Photo sharing social media site Instagram has been embroiled in a controversy the past few days.
Artist Rupi Kaur posted the above photo to her Instagram and it got deleted by the service. She then reposted the image, only to have it removed yet again by Instagram, both times citing that the image doesn’t adhere to its “Community Guidelines”.
Kaur decided to write to Instagram: “Thank you @Instagram for providing me with the exact response my work was created to critique. You deleted a photo of a woman who is fully covered and menstruating stating that it goes against community guidelines when your guidelines outline that it is nothing but acceptable. The girl is fully clothed. The photo is mine. It is not attacking a certain group. Nor is it spam. And because it does not break those guidelines I will repost it again.”
“I will not apologize for not feeding the ego and pride of (a) misogynist society that will have my body in an underwear but not be okay with a small leak, when your pages are filled with countless photos/accounts where women (so many who are underage) are objectified, ‘pornified’, and treated less than human. Thank you.”
“This image is a part of my photo series project for my visual rhetoric course. You can view the full series at rupikaur.com.”
“I bleed each month to help make humankind a possibility. My womb is home to the divine, a source of life for our species, whether I choose to create or not. But very few times it is seen that way. In older civilizations this blood was considered holy. In some it still is. But a majority of people, societies, and communities shun this natural process.”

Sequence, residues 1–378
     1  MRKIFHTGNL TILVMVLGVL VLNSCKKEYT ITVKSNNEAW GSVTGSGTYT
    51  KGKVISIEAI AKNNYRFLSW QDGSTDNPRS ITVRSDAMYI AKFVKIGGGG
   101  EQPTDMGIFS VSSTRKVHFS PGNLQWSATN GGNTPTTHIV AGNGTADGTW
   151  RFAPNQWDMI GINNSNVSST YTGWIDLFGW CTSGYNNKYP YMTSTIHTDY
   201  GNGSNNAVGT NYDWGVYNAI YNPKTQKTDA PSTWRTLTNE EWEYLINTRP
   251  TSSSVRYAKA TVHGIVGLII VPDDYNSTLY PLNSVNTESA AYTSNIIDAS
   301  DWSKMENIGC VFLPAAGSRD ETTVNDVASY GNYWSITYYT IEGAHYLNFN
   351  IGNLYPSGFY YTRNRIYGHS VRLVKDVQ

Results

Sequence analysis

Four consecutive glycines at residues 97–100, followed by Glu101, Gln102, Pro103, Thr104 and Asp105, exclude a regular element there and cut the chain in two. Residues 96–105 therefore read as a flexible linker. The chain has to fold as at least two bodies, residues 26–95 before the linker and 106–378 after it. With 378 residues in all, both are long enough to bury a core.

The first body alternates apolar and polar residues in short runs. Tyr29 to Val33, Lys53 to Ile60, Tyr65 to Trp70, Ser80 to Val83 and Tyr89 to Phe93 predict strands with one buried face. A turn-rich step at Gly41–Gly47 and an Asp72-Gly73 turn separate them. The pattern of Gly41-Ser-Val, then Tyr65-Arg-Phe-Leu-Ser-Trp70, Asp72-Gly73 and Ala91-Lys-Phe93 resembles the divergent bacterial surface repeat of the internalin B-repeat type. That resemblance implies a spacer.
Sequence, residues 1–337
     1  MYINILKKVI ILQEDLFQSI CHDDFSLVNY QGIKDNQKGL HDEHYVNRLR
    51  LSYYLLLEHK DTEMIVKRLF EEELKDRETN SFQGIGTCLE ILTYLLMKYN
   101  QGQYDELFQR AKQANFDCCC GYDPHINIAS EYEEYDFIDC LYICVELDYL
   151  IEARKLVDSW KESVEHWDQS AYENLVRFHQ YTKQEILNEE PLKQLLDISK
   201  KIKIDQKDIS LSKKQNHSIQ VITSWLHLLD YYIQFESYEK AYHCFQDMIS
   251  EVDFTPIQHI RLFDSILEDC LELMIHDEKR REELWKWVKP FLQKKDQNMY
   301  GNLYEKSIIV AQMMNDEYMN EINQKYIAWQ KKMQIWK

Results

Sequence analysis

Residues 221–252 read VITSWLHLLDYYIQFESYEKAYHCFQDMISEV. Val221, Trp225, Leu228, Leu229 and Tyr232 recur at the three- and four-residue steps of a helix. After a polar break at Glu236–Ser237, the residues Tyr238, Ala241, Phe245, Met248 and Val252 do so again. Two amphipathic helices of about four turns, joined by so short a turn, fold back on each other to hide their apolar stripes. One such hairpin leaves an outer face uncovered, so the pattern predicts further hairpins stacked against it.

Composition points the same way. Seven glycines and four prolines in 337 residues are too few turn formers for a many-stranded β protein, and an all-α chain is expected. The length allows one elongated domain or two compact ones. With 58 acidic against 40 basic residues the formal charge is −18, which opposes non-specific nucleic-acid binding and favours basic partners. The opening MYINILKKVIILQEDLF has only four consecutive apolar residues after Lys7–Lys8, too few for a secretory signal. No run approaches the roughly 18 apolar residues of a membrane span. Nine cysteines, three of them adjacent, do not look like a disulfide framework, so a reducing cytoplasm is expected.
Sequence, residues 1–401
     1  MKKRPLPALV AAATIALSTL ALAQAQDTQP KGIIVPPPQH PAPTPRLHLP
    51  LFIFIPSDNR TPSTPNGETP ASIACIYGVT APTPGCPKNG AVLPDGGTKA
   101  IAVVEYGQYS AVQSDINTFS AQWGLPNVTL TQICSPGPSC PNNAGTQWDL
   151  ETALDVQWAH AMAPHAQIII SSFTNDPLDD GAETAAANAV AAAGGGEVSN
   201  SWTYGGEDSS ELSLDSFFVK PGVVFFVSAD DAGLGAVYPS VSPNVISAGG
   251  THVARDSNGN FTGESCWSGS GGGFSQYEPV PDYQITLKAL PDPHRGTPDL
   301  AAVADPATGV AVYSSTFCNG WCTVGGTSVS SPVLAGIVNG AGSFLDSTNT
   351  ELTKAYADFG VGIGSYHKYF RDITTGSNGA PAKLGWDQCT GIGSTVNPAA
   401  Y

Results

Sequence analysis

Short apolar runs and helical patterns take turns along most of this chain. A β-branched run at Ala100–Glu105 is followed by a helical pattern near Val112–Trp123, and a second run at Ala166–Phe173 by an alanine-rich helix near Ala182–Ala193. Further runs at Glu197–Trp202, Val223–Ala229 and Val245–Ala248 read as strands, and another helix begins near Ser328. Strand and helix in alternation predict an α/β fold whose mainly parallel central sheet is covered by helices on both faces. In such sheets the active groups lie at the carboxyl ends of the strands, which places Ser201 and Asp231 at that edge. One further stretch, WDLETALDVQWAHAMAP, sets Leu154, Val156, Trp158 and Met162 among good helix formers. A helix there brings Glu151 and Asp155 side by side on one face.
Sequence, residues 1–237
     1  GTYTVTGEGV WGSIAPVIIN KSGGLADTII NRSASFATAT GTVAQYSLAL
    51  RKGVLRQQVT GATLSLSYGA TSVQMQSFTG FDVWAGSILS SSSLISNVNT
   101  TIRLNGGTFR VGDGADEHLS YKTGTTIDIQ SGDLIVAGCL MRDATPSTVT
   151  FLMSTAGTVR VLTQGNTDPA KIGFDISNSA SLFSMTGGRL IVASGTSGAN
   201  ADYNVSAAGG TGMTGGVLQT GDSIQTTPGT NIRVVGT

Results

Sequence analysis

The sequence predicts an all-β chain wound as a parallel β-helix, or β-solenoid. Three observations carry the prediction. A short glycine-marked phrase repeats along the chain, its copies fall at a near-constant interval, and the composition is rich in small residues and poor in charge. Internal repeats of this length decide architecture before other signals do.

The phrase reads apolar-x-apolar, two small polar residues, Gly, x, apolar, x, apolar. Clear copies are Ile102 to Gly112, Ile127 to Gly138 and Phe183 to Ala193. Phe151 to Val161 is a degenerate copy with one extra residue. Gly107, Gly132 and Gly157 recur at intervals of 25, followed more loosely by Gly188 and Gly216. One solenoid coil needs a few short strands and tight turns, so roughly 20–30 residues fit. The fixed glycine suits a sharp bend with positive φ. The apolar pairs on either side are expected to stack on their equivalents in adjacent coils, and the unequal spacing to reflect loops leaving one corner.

“Some are more comfortable with the ‘pornification’ of women, the sexualization of women, the violence and degradation of women than this. They cannot be bothered to express their disgust about all that, but will be angered and bothered by this. We menstruate and they see it as dirty, attention seeking, sick, a burden. As if this process is less natural than breathing, as if it is not a bridge between this universe and the last, as if this process is not love, labor, life—selfless and strikingly beautiful.”
She also wrote another commentary on Tumblr about the issue.
The public outcry caused by the controversial removal was so great that Instagram restored the photos and emailed an apology to Kaur, stating that the photo was removed by accident.
Kaur is not convinced, she told Washington Post, “I truly don’t believe it was a mistake. A mistake once maybe, but twice?”
You might want to view her entire series of works on her website.
[via PetaPixel, images via Rupi Kaur]